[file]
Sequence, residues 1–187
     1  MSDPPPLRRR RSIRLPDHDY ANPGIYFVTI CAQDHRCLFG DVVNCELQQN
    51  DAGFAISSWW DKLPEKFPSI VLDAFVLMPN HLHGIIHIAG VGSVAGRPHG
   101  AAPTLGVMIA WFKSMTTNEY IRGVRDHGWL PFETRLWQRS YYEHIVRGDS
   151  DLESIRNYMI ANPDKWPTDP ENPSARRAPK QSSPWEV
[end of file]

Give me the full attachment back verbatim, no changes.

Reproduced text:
Sequence, residues 1–187
     1  MSDPPPLRRR RSIRLPDHDY ANPGIYFVTI CAQDHRCLFG DVVNCELQQN
    51  DAGFAISSWW DKLPEKFPSI VLDAFVLMPN HLHGIIHIAG VGSVAGRPHG
   101  AAPTLGVMIA WFKSMTTNEY IRGVRDHGWL PFETRLWQRS YYEHIVRGDS
   151  DLESIRNYMI ANPDKWPTDP ENPSARRAPK QSSPWEV